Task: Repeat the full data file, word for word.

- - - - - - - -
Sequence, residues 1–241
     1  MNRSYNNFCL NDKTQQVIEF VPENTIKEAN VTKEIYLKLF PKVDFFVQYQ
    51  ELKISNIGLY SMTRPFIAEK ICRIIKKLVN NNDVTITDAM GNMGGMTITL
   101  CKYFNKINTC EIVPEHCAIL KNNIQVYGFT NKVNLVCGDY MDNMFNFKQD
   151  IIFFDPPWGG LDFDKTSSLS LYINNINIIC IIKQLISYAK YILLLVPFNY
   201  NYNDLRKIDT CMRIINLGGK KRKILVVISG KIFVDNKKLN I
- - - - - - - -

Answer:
Sequence, residues 1–241
     1  MNRSYNNFCL NDKTQQVIEF VPENTIKEAN VTKEIYLKLF PKVDFFVQYQ
    51  ELKISNIGLY SMTRPFIAEK ICRIIKKLVN NNDVTITDAM GNMGGMTITL
   101  CKYFNKINTC EIVPEHCAIL KNNIQVYGFT NKVNLVCGDY MDNMFNFKQD
   151  IIFFDPPWGG LDFDKTSSLS LYINNINIIC IIKQLISYAK YILLLVPFNY
   201  NYNDLRKIDT CMRIINLGGK KRKILVVISG KIFVDNKKLN I